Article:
When Fidel Castro, Ché Guevara and a ragtag band of revolutionaries trundled victoriously into Havana on 8 January 1959, Juan Almeida's was the only black face at the head of their convoy. To the majority of the Cuban capital's residents – poor, black or mulatto (mixed race) – the sight of a black man in one of the leading jeeps was a comforting signal that the revolution would finally give them a voice.
Almeida was one of 80 revolutionaries who had sailed from Mexico to Cuba with Castro and Guevara in December 1956 on board a rickety motor boat, the Granma, to launch the revolution. He was one of only a dozen who survived the rough, week-long crossing and the initial battles with the forces of the dictator Fulgencio Batista. Soon after their landing, vastly outnumbered, a Batista officer shouted to them to give up. Almeida reportedly yelled "Aqui no se rinde nadie!" ["Nobody here surrenders!"], a slogan that became one of the most famous and lasting of the revolution and can be seen on posters around Havana to this day.
For his bravery, Almeida became the only black commander of the revolutionaries who forced Batista to flee the country on New Year's Day 1959, and who entered the capital a week later. Castro had put him in charge of the revolutionaries' Third Front, in the province of Oriente, as the revolutionaries pushed west across the Sierra Maestra mountains towards Havana.
When he died of a heart attack aged 82, he was one of several vice-presidents under Castro, a member of the communist party politburo and one of only three remaining men who held the honorary title "Commander of the Revolution" – second in rank to only El Jefe Maximo himself. Until he suffered from heart problems he was one of the most visible members of Cuba's ruling élite, often appearing alongside Castro or his brother Raúl at public events or diplomatic parties, and regularly representing Cuba at meetings abroad. He was something of a right-hand man to Fidel Castro and, latterly, to Raúl, who has been running the country since his brother's illness.
To younger Cubans, and in the Spanish-language music world, Almeida was best known as a composer of bolero songs – he wrote more than 300 of them – many of them love songs or ballads about his days as a guerrilla in the Sierra Maestra. Songs such as "Qué le pasa a esa mujer?" ["What's going on with that woman?"] or "La Lupe" (about a girl called Lupe) – can regularly be heard on radio stations throughout Latin America or in Spain.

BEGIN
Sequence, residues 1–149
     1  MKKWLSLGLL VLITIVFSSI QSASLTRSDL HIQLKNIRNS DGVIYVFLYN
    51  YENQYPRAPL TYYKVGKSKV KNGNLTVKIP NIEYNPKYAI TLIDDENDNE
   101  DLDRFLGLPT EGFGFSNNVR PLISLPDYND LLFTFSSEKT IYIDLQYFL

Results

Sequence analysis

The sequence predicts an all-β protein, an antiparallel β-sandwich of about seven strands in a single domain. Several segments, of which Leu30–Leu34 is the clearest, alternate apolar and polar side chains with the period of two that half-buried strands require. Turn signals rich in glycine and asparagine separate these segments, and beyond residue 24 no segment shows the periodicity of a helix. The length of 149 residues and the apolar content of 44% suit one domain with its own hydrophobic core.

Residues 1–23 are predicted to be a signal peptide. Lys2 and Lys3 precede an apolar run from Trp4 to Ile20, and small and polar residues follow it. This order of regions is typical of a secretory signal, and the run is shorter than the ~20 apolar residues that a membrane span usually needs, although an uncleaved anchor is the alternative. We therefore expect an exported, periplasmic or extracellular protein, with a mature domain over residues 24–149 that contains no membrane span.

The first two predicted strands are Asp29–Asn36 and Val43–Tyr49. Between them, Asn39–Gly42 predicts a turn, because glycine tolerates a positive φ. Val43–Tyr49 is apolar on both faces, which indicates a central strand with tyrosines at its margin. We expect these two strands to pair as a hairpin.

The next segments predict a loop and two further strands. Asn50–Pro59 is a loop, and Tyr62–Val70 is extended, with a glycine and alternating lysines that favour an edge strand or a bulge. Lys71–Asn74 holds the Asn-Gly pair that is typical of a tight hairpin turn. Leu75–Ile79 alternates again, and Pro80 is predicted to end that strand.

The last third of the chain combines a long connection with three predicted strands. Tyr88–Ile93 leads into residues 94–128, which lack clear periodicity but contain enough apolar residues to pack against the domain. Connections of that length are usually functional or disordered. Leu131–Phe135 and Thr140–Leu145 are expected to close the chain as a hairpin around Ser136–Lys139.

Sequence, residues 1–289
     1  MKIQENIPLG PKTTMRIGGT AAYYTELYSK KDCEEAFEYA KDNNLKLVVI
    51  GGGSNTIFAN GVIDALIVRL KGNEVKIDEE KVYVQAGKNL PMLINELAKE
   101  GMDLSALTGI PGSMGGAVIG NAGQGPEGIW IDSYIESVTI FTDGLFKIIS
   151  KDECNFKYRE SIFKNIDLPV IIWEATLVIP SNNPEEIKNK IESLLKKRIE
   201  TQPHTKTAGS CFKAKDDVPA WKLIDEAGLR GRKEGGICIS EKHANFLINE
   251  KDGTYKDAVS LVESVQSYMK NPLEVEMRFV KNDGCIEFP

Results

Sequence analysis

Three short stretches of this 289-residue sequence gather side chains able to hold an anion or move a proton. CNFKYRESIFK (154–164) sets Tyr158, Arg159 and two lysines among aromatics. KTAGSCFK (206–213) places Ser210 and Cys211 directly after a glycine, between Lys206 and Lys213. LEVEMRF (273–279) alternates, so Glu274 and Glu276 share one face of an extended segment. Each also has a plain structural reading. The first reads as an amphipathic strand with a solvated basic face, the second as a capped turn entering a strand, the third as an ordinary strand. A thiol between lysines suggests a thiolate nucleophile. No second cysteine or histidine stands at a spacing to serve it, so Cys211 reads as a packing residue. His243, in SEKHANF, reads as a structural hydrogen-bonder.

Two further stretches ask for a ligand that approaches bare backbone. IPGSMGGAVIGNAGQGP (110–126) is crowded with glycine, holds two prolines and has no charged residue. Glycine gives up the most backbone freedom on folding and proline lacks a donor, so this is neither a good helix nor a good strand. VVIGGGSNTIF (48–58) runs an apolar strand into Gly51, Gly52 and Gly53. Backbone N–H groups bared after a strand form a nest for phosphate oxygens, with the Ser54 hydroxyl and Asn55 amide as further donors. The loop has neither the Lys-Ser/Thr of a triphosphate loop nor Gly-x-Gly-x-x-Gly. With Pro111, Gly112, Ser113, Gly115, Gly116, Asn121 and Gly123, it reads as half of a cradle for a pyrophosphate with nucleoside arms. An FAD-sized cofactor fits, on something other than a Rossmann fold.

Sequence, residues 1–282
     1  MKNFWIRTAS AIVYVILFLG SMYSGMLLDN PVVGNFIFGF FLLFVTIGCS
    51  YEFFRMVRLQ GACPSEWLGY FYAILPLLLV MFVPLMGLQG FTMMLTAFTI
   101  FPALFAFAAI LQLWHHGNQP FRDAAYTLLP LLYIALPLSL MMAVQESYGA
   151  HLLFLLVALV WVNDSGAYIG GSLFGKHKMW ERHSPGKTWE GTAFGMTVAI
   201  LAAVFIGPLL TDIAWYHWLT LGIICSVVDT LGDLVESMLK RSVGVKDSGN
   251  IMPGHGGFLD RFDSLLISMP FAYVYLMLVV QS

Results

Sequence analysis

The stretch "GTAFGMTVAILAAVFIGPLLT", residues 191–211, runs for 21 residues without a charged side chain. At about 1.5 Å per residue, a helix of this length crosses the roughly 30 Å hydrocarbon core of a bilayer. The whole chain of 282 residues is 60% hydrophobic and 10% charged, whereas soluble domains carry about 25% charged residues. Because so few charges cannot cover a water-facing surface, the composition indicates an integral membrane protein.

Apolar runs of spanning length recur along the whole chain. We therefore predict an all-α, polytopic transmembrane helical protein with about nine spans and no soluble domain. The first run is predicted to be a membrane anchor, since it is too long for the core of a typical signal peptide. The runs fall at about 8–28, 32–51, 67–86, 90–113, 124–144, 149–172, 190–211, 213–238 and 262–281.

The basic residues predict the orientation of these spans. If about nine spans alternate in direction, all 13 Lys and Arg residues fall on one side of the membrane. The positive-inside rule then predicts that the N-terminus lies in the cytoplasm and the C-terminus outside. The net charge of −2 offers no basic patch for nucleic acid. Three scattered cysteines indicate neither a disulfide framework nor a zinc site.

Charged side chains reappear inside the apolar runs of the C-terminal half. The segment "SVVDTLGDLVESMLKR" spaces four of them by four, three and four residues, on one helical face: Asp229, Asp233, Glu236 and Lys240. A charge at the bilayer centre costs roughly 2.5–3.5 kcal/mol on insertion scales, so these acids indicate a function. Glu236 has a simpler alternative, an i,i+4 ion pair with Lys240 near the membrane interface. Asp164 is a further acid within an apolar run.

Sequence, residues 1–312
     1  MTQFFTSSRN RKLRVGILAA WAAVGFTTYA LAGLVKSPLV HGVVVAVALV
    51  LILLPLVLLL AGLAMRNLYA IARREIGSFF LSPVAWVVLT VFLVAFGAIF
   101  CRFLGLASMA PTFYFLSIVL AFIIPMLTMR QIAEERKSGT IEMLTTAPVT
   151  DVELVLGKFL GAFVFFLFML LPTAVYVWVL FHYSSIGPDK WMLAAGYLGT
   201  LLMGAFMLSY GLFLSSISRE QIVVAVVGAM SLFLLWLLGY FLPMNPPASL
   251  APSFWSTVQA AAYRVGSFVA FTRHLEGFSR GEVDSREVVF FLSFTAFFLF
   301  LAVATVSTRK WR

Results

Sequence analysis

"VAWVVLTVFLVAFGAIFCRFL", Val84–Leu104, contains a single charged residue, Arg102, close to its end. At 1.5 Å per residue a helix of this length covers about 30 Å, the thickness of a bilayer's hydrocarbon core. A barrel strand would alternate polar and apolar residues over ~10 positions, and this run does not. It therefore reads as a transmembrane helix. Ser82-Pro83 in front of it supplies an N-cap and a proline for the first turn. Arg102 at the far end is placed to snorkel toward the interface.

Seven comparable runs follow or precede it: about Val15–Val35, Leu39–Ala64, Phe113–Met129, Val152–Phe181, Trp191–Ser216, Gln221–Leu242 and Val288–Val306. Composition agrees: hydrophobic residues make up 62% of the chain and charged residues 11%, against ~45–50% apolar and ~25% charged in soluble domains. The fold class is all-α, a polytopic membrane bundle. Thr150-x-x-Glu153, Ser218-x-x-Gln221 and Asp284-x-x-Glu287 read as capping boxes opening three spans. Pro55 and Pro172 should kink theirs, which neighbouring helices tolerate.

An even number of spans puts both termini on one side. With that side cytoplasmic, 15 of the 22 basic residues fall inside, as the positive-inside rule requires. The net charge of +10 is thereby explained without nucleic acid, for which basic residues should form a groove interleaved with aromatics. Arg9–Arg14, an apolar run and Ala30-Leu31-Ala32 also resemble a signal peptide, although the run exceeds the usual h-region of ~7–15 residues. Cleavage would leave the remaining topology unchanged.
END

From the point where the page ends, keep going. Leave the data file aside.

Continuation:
A descendant of African slaves, Juan Almeida Bosque was born in a run-down neighbourhood of Havana on 17 February 1927. Although he wanted to be a lawyer he was forced to leave school at the age of 11 to work as a bricklayer's hod carrier to help feed his siblings. After studying privately, and already in his 20s, he won a place at the University of Havana, studying law, where he met another budding lawyer called Fidel Castro.
Castro, who, using the nom de guerre Alejandro, was plotting to overthrow Batista, took Almeida into his confidence and the two men led an ill-conceived attack on the Moncada army barracks outside the eastern city of Santiago on 26 July 1953. The guerrillas were routed – more than 60 were killed – and Castro and Almeida were jailed on the Isle of Pines for 15 and 10 years respectively before being amnestied in 1955. It was then that they gathered in Mexico City with the Argentinian Guevara and other sympathisers to plot their revolution before sailing from the Mexican port of Tuxpan, packed on board the Granma, bought from an American businessman who had named it in honour of his grandmother.
After the success of the revolution, Almeida was first put in charge of the rebel army's Motorised Units, later its Air Force and, for a short time, the entire Cuban revolutionary army. In 1968, Castro appointed him to the politburo of the communist party's Central Committee, where he was responsible for the island's construction sector. In 1998, he was given the rare honorary title "Hero of the Republic of Cuba."
In recent years, there were strong rumours among anti-Castro Cubans in the United States that Almeida had been involved in a CIA-financed plot to overthrow Fidel Castro. The Cuban leader apparently accepted his old friend's denial of the rumours; Almeida survived and was roundly praised by Castro after his death. "I was a privileged witness to his exemplary conduct for more than half a century of heroic and victorious resistance, in the struggle against the internationalist missions and the resistance to the imperialist blockade," Castro said.
Little was known as to Almeida's marital status or survivors but one son, Juan Juan Almeida, now 40, fled the Castro regime and became an outspoken critic of Castro and his own father, notably in his recent book Memoirs of an Unknown Cuban Guerrilla. "I ended up confused like millions of Cubans," he wrote, "so that we no longer know the exact difference between good and evil."
Juan Almeida Bosque, revolutionary, vice-president of Cuba: born Havana 17 February 1927; died Havana 11 September 2009.